Debra Chew: Get Off The Mental Teeter Totter - And Response (2)

Friday, August 23, 2013 - by Debra Chew

As a child, one of my favorite areas of the playground was the teeter totter.  I loved it!  I loved sailing up to the sky and wished I could stay up there, but my friend on the other end would always bring it back down.  I hated being at the bottom.  It was like ‘up’ one minute and ‘down’ the next.  That is what they say mental illness can feel like….depressed one minute and elated the next. 

I have some first-hand experience with mental illness, as several close members of my family have dealt with this issue for most of my life. Looking back, I didn’t know it was a mental problem.  I just knew these beloved members of my family were not always happy and did not always “behave themselves.”  I often prayed that they would be peaceful and feel God’s love for them.  Also, back then, people didn’t talk about the up-and-down behavior that was evident to everyone.  These family members were called “sick” and it was ‘kept quiet.’  I am glad that is no longer the case. 

Today, many celebrities have come out speaking about their own struggles with mental illness.  For example, Academy Award winning actress Catherine Zeta-Jones admitted that she suffers from bipolar disorder.  And, talk-show host Larry King made his own battle with depression public.  As a result of our current willingness to talk about this subject, many studies are now being conducted about mental illness.  And when it comes to solutions, a wide array of approaches is being explored.  One such focus is on the role that religion and spirituality can play in improving mental health.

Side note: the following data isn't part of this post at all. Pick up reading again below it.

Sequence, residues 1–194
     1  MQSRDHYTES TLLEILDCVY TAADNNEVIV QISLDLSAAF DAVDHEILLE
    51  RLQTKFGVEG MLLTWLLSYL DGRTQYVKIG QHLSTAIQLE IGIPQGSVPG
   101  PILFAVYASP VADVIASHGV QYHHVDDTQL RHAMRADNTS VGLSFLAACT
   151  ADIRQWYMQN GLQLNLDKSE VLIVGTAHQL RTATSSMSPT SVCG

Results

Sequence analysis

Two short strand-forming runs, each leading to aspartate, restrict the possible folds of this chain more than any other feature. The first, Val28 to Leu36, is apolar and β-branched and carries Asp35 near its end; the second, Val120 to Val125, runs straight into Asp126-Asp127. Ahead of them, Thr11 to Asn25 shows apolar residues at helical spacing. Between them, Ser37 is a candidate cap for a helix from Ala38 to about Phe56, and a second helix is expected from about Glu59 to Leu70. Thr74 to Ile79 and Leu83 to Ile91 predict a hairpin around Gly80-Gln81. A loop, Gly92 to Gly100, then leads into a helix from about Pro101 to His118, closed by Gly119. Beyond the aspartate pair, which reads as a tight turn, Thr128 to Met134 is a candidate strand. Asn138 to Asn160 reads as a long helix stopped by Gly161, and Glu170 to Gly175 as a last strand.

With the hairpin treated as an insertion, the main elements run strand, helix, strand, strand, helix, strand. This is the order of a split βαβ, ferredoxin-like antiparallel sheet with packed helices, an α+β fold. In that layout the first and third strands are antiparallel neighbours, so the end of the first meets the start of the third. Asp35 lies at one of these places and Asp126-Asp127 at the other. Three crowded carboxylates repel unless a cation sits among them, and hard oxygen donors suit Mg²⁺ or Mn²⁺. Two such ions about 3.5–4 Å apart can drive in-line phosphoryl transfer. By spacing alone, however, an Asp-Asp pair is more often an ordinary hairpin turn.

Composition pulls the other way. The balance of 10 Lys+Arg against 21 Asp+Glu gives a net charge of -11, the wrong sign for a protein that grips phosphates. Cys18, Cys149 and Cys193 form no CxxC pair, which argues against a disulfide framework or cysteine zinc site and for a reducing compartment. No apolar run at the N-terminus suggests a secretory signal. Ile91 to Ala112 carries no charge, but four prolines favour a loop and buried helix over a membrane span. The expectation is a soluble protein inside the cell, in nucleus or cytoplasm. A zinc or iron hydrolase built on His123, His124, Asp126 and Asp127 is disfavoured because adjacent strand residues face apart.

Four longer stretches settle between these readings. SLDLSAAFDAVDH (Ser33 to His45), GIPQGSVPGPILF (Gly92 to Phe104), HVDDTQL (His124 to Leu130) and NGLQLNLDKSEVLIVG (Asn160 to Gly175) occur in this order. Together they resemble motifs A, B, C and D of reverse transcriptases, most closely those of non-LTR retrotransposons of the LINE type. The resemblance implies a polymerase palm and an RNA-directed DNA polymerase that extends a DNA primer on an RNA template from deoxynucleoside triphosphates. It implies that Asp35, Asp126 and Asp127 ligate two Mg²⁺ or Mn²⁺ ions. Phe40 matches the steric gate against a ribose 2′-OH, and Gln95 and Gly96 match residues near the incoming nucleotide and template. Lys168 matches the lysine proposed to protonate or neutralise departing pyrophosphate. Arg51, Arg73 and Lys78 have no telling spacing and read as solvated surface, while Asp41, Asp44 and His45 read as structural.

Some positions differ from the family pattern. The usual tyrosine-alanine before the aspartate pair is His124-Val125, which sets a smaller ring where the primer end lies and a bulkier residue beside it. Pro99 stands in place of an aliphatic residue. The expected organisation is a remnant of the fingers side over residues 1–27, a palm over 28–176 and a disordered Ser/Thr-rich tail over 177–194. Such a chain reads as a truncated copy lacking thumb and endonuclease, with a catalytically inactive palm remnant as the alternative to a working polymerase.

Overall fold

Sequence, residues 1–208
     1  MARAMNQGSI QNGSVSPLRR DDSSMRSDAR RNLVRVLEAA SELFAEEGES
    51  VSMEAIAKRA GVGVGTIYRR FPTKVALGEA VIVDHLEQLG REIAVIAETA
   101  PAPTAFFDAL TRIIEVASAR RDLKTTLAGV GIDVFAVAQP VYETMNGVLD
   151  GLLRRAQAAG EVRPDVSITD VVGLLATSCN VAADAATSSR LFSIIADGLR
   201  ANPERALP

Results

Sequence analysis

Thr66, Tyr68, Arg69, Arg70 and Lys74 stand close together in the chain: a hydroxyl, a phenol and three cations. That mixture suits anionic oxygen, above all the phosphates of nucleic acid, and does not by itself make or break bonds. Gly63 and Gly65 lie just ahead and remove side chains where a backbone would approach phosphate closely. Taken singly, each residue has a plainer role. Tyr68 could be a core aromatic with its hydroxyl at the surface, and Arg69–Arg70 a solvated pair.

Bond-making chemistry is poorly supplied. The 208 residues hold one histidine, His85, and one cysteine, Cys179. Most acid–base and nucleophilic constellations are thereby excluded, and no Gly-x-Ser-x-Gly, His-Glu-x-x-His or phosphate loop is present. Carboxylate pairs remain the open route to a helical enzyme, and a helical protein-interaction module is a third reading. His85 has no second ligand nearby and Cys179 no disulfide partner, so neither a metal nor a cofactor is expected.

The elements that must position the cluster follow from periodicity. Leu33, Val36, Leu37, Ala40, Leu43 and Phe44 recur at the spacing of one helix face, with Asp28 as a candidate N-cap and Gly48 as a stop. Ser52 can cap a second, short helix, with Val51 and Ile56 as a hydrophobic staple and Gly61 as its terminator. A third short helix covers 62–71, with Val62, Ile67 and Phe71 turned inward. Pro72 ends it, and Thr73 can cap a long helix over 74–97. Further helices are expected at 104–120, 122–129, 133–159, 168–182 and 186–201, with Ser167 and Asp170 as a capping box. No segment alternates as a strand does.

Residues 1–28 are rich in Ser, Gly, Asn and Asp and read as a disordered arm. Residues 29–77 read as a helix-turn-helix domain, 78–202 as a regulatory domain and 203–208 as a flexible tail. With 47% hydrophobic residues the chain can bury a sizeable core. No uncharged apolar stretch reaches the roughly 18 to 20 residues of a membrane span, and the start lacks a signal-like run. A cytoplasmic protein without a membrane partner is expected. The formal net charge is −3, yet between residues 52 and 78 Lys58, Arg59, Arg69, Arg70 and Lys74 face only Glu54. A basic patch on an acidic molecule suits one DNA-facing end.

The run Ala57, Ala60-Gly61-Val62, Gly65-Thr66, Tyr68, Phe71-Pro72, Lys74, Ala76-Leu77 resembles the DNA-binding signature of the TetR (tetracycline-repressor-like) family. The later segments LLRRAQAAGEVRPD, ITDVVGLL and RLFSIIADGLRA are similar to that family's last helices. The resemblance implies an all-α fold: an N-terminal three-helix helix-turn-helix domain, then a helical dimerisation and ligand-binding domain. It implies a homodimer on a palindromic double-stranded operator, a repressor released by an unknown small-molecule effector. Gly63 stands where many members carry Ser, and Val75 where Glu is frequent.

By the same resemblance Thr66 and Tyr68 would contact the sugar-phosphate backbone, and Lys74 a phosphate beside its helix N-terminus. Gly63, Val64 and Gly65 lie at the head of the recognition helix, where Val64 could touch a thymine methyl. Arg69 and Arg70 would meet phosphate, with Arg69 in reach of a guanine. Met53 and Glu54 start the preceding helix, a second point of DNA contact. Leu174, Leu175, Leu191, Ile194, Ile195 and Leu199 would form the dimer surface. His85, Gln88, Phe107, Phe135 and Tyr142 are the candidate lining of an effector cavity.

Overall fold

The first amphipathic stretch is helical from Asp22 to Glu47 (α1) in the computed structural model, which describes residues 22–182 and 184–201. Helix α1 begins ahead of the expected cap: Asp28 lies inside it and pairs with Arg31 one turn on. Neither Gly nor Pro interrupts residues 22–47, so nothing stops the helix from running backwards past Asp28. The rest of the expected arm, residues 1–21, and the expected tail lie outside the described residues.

There is increasing evidence that spiritual beliefs can have a positive effect on mentally ill patients’ lives.  That is encouraging if one also considers that recent statistics by the 2012 Pew Research Center Study show nearly 80% of Americans say they practice some type of religion.  Kenneth I. Pargament, Ph.D, is a leading expert in the psychology of religion and spirituality (known for his scientific analyses of religion and mental health).  In March, he was interviewed by the American Psychological Association (APA)  http://www.apa.org/news/press/releases/2013/03/religion-spirituality.aspx. In this interview, he elaborated on how things are changing in today’s psychological practice.  He said that in the past, “psychologists steered clear of religion and spirituality in clinical practice.”   Could that mean that some psychologists and psychiatrists who previously had only concentrated on medically treating mental illness are now shifting their thought to the possibility that gaining (or regaining) some sense of God can be a real solution to their patients’ illness?  Possibly, because he goes on to report, “emerging research is showing that spiritually integrated approaches to treatment are as effective as other treatments. There is, in short, good scientifically based reason to be more sensitive to religion and spirituality in clinical practice.”  That change in thought in the medical community says to those suffering with mental disorders: there is hope; there is another way.